The Future of Zoos: A story published by Fast Company® delves into the future of zoos—with an emphasis placed on the wellbeing of the animals over the experience of visitors. Do you think it’s time for zoos to get a makeover?
By Matt Bershadker, President & CEO, ASPCA; and Rep. Katherine Clark (D-MA)
In America, one out of four women experiences domestic violence in her lifetime, and a woman is abused every nine seconds. Many of these women survive by courageously leaving their homes and finding safety in area shelters. But for some, the decision to save their own lives becomes much more difficult when pets are involved.
M. a domestic violence survivor, chose her life over her home, but says she “would have left much sooner” if she knew she could protect her pets. M.’s abuser killed her dog and cat, and used the act to threaten her daughter’s life and prevent M. from leaving.
K., a 34-year-old mother of two, delayed leaving her abusive husband because none of the domestic violence shelters in her area would allow her to bring her dog, to whom her children had become very attached.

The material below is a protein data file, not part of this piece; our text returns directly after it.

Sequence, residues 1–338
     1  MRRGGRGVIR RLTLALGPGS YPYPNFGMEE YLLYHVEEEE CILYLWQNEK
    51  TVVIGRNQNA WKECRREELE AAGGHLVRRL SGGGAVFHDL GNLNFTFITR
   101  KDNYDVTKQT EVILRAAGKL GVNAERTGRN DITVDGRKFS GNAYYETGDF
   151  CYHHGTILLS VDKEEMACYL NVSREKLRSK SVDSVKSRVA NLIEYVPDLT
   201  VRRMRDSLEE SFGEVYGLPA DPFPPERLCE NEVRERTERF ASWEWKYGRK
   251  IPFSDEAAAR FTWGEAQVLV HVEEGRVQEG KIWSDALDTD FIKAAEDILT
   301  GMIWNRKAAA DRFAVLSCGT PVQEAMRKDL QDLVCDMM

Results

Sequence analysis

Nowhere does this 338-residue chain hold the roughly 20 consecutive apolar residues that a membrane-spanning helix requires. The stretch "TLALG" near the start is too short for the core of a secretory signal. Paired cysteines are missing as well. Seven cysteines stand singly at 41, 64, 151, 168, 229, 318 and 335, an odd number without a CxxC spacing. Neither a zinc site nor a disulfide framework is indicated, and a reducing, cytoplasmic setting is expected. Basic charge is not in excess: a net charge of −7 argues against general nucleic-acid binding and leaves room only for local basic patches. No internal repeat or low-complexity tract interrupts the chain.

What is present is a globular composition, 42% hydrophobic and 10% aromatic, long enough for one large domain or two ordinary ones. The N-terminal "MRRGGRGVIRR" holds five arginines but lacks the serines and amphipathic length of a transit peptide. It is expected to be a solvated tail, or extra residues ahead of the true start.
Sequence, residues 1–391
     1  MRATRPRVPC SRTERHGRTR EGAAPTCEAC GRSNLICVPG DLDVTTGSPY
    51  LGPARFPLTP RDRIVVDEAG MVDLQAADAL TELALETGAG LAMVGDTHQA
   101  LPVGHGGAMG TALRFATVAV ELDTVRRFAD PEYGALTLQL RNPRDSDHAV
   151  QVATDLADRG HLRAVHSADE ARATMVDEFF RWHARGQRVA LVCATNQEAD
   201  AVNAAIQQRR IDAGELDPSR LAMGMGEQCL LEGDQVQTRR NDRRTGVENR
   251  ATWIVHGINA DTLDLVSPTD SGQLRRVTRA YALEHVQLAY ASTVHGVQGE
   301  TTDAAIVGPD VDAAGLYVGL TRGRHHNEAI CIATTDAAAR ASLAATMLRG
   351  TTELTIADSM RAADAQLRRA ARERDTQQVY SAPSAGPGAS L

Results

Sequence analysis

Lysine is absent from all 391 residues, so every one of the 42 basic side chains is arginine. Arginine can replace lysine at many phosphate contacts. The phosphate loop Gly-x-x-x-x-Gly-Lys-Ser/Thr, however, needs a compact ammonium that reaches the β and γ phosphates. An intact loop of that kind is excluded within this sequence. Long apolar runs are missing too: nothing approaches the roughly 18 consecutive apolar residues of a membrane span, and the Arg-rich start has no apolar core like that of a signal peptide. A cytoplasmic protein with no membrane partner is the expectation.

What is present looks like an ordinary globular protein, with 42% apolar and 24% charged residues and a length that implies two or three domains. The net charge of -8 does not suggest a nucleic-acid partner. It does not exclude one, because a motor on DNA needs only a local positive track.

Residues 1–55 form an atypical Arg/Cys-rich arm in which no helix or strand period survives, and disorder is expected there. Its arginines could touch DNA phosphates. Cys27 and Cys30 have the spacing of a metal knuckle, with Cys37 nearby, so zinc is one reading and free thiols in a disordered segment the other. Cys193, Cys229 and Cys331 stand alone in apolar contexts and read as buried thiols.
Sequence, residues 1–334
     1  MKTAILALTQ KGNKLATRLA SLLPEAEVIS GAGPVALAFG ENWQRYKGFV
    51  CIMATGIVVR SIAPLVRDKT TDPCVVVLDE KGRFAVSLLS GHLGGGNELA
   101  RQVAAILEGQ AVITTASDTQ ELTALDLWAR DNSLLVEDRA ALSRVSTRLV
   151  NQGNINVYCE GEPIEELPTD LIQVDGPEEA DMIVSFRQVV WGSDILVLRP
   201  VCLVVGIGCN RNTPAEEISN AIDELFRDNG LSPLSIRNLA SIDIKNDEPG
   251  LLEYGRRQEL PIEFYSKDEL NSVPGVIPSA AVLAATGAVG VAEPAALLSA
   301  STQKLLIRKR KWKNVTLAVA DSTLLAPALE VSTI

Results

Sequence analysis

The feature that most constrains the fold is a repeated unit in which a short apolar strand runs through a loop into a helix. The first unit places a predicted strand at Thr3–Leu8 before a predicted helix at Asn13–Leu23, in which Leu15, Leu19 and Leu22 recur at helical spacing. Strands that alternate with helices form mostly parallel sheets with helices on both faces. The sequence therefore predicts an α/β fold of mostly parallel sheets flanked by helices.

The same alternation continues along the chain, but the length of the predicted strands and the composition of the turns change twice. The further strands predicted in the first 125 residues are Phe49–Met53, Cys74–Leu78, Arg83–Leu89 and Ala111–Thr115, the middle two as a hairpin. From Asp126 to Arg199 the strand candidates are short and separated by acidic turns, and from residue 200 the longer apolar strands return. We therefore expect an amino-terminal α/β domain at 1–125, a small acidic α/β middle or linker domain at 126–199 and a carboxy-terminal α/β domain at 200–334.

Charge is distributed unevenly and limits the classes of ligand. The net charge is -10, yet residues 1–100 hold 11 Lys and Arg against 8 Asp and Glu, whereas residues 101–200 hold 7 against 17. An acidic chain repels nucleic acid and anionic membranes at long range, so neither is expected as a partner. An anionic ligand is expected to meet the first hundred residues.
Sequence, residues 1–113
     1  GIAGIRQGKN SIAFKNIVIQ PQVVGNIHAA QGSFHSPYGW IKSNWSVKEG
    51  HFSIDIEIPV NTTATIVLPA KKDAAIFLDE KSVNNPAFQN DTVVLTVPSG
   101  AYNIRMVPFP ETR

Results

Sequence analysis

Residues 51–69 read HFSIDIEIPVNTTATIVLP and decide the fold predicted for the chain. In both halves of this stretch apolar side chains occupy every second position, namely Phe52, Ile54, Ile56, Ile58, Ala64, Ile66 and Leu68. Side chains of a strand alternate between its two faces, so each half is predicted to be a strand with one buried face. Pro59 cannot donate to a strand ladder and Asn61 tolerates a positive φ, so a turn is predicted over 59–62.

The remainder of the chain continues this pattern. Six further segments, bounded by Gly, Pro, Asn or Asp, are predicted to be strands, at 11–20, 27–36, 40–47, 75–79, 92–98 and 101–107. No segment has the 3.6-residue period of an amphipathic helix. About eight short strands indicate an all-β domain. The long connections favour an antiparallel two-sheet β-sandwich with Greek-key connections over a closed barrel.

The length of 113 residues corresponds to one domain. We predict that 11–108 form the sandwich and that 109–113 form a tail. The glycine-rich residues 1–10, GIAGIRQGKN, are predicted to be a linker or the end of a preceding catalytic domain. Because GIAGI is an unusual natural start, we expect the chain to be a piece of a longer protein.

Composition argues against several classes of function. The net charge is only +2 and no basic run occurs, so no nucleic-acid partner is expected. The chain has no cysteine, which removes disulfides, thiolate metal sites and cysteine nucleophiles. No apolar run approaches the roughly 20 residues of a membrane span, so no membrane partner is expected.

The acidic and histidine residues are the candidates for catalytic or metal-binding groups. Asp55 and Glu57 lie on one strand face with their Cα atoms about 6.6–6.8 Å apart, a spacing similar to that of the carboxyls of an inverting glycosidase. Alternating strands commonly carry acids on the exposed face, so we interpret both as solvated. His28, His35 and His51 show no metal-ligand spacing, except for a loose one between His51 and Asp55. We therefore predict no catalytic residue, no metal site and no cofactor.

Another survivor, P., said her boyfriend dangled her beloved cat out the window and threatened to kill the cat if she upset him. The abuser set fire to the victim’s apartment and her cat perished from severe smoke inhalation. P. eventually found protection for herself and three new cats in a pet-friendly shelter.
These stories are not unique. As many as 25% of domestic violence survivors have reported returning to an abusive partner out of concern for their pet. And that fear is often justified. Recent studies demonstrate that abusers intentionally target pets to exert control over their intimate partners—71% of pet-owning women entering domestic violence shelters report that their abuser threatened, harmed, or killed a family pet.